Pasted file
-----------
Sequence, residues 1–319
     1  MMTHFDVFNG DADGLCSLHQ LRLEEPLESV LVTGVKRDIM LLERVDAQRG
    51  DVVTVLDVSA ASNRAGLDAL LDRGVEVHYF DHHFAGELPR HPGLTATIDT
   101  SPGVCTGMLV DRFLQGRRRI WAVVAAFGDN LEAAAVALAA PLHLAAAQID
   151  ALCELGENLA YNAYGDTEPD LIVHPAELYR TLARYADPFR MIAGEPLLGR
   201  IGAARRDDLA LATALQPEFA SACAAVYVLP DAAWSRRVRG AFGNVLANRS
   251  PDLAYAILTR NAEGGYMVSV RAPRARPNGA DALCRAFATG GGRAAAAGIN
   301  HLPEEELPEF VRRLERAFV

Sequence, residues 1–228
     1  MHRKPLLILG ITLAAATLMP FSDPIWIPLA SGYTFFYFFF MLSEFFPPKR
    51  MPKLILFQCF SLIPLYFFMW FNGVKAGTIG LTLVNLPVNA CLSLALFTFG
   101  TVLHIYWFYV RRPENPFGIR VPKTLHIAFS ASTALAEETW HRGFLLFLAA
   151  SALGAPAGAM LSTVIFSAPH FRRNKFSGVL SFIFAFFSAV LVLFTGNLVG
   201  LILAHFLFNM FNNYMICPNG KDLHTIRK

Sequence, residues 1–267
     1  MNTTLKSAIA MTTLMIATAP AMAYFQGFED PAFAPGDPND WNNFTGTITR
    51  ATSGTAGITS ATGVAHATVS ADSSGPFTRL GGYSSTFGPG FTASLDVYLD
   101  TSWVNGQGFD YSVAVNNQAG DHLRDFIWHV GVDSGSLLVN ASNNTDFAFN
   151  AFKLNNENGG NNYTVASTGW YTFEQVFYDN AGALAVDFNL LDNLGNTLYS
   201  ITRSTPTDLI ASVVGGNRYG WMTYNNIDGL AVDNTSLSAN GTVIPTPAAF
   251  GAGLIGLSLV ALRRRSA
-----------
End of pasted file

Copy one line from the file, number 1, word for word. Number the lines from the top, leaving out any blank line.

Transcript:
Sequence, residues 1–319